Sarah Webb  02:28 

I want to go back and actually get the long story.  

Casey Berger  02:31 

When I was a kid. I loved science. I loved math. But I loved a lot of things. I was an avid reader, I would always tell stories, I think my mom enrolled me in Shakespeare camp at the age of like, three. So I’ve always been interested in a huge variety of activities, a huge number of ways to be curious about the world, but didn’t have to specialize, right. As a kid, you get to kind of do whatever you’re interested in. And as I approached college and was starting to get asked the question, you know, where are you going to go to college? What are you going to major in?  

Casey Berger  02:58 

At that point, I had started to have a lot of confidence issues in my science abilities. I had been at an all-girls school, and I switched to a coed school. And right around that time, I found that I didn’t think I could stack up to the guys in my class. I just didn’t feel like I was as good as they were at science. And there’s a lot of reasons I’m sure why I developed that sense. But at that point, I decided, well, I love science, but, you know, I also love other things. So I went to college, I went to Boston University, and I majored in film production and philosophy. I did not take a single math or science class in my entire time at BU.  

Casey Berger  03:34 

And when I graduated, I moved out to Los Angeles. As I mentioned, I’d been in theater camp as a kid, I was still very involved in theater and the arts. So I actually worked in Hollywood for a couple of years. I was working in talent management, which is very much about building the careers of writers and directors. And my goal was to become a studio executive, make movies. But about two years in the had been working there, steady job, I was doing all the right things to move forward in that career, I realized that I really missed talking about science. And I really missed asking rigorous questions. The Higgs boson was discovered, right around, I’d been there maybe a year and a half. And I came into work really excited. And I was like, Wow, you guys, this amazing news. Like they found this particle. And everyone in the office was just like, why do we care about that? And I remember feeling like, well, you know, sure, it doesn’t have any bearing on your career. But it’s interesting, right?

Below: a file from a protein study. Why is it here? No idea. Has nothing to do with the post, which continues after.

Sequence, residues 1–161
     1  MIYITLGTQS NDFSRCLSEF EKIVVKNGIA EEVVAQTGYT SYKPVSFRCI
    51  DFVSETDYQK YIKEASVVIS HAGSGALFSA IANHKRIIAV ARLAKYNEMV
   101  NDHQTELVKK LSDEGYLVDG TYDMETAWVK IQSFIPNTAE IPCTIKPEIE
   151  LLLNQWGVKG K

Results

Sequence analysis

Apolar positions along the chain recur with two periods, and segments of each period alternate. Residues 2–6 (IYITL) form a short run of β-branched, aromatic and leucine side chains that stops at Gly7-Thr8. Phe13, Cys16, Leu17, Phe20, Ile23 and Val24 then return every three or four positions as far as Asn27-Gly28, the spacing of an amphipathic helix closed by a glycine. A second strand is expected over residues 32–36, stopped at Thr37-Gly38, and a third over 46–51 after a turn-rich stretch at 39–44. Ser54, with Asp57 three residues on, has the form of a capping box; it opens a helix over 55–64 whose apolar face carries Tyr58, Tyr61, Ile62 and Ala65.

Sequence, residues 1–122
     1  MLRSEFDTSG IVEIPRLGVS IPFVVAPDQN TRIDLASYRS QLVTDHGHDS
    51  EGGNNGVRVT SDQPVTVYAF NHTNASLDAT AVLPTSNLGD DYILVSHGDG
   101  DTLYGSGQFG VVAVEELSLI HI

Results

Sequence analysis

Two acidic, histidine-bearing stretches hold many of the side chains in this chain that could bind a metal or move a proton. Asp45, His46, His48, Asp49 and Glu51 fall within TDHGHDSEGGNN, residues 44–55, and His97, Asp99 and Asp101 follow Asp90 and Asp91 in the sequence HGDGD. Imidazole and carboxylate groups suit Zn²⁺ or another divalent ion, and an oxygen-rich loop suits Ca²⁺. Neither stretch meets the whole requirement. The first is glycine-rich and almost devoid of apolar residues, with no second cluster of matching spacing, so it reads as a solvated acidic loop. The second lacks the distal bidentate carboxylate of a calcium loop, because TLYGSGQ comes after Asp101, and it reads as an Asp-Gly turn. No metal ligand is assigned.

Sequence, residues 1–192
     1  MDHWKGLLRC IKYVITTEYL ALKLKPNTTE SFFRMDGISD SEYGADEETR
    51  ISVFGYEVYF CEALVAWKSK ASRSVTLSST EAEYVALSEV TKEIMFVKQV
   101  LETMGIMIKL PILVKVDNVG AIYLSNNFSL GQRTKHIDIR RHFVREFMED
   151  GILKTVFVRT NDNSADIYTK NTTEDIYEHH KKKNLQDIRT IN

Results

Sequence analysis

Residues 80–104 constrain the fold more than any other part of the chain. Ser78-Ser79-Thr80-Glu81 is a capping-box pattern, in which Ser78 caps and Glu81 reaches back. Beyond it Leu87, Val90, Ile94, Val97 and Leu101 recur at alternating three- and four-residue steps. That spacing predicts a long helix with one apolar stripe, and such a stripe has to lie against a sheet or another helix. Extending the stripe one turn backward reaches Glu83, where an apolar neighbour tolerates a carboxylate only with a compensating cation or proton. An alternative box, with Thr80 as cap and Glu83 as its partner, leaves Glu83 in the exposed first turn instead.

Casey Berger  04:31 

And I missed having people I could talk to you about things like that. So it wasn’t like a light switch, like, but over time, I sort of realized I wasn’t happy, and I wanted to leave. So I took what at the time felt like the biggest stupidest risk I could take. And I quit my job. And I moved home to Ohio and went back to school and studied physics, because I had some perspective. I was like, Maybe I wasn’t so bad at math and science after all. The fact that I tested out of every math and science class in college. I didn’t have to take any, maybe would have been a good hint. But I just decided to this is the thing that I regret not doing. And so if it all blows up in my face, then I already quit my job. So I’m already at rock bottom, what’s gonna happen? I just had to try something new. And it turned out that– surprise– I actually am pretty good at physics, and I love it. And that is actually half the battle. So I went back to school, and immediately after getting my, I guess, technically, third bachelor’s degree, I went to grad school for physics, and the rest, very compressed, led me to where I am now.  

Sarah Webb  05:31 

That’s terrific. Talk about where computing came into that. Was that an offshoot of the physical problems you wanted to study? And once you got into physics, how did you get into the problems that interest you? And where did computing come in? 

Casey Berger  05:45 

Computing was a very unintentional direction. Similar to my feelings about math and science, I thought I was bad at computers. I just had this narrative about myself that every time I touch a computer, something goes wrong, right? So it must be me. And we had to take a C++ class for my physics degree at Ohio State. So I remember saying, Okay, it’s one semester, how bad can it be, you just have to survive. And then you never have to look at a computer again, for the rest of your life. I think it was two weeks into the class, I was like, Wow, this is really cool. You can do so many amazing things. Just like with physics, right?